New Proposed German Law Okays Ritual Circumcision

September 27, 2012  

A new proposed German law is set to approve ritual circumcision (known as brit mila or bris mila in Judaism) hopefully ending the debate – and the threat – to the ancient custom practiced by Jews and Muslims.

German Justice Minister Sabine Leutheusser-Schnarrenberger presented the proposal to the state governments and associations throughout the country on Tuesday, the eve of Yom Kippur.

If approved, the move would end an attempt in May by a court in Cologne that outlawed the practice by ruling that removing the foreskin constitutes a violation of bodily integrity.

The verdict raised international eyebrows and ignited outrage among Jews and Muslims around the world.

A host of conditions accompanied an attempt in Berlin to create a “medical standard” by which circumcision could be formally legalized. Those conditions, however, specifically excluded the participation of a mohel if he is not a medical doctor – the rabbinical expert who performs the procedure in the Jewish world.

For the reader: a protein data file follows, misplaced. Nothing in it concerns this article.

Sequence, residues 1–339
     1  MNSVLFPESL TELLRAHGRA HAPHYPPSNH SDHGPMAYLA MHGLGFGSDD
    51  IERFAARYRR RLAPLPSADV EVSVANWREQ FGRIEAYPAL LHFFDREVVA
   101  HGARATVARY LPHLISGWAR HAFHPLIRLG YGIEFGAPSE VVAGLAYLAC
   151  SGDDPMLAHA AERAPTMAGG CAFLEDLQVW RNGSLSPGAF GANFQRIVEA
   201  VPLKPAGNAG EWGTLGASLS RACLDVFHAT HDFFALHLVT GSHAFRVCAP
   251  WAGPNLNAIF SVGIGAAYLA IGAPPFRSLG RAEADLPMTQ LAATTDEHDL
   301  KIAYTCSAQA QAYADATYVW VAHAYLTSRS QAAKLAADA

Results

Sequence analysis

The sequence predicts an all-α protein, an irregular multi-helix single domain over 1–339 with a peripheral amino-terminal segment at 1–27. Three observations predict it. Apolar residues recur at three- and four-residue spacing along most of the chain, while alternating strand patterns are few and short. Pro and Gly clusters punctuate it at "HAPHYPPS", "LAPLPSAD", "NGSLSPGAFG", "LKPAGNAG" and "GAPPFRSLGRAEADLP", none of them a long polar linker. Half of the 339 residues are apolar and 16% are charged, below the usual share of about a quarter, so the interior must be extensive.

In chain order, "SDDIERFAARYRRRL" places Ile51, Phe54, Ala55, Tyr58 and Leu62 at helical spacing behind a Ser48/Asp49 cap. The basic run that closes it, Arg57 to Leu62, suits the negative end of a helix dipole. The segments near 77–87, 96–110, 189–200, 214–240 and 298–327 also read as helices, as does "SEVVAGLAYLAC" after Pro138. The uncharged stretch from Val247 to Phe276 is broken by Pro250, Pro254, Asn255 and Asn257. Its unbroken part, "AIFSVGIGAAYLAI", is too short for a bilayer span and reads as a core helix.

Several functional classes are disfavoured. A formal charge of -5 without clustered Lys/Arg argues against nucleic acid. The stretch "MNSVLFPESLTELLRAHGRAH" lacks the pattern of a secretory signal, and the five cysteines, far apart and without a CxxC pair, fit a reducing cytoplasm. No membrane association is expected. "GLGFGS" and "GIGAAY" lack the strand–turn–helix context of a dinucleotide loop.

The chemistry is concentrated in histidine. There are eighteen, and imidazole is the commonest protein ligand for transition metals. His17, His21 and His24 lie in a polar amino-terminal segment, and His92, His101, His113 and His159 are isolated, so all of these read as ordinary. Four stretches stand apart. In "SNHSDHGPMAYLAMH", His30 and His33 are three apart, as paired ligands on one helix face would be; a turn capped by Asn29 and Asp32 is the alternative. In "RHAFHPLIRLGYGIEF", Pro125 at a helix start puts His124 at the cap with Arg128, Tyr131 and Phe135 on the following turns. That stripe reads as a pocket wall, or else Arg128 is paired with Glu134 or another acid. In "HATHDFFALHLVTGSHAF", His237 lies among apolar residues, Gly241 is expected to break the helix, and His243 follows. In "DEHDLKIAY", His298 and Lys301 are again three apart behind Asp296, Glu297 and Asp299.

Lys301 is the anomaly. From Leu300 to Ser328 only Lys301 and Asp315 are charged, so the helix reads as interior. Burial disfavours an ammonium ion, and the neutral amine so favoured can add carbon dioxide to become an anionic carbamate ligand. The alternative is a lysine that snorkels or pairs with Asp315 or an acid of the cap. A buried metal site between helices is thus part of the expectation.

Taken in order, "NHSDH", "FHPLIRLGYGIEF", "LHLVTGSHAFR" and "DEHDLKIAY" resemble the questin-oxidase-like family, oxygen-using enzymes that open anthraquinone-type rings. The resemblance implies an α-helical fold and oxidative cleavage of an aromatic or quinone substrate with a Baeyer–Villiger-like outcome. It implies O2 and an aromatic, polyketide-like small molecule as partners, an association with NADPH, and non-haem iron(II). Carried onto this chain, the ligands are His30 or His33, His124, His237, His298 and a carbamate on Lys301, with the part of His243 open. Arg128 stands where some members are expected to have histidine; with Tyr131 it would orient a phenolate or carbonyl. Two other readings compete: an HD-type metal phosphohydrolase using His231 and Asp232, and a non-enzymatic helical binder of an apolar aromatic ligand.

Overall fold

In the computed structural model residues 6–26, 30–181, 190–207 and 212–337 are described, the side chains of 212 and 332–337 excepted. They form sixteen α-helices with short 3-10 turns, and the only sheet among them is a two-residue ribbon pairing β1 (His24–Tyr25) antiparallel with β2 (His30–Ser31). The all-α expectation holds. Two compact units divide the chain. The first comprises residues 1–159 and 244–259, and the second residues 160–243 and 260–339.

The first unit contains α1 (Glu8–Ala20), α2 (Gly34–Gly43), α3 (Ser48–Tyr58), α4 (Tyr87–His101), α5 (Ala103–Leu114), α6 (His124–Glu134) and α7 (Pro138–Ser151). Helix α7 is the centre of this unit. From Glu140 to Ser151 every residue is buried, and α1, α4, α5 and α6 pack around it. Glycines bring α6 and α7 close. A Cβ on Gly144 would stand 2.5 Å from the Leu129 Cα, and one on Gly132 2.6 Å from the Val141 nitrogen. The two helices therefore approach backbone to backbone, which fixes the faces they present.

The new law proposed by Leutheusser-Schnarrenberger would correct that by adding a new paragraph to relevant child protection laws.

Under her proposal, the procedure would include anesthetic “if necessary” in order to ensure that it be painless. Moreover, the amendment adds that generally a doctor should carry out the circumcision, but that in the first six months of a child’s life, “a person designated for the task by the religious community will also be permitted, providing he is equally competent as a medical doctor.”

Dieter Graumann, president of the Central Council of Jews in Germany praised the new proposal, and said he expected any debate on the issue to now be carried out soberly. “The Justice Ministry deserves respect and recognition for making such a wise suggestion,” he said.

There are at least four million Muslims and 150,000 Jews living in Germany at the present time.

Legal experts, however, said the proposal had a long way to go before it could be voted into law, predicting the issue could go as far as the German Court of Justice, the Constitutional Court, or even all the way to the European Court of Justice.

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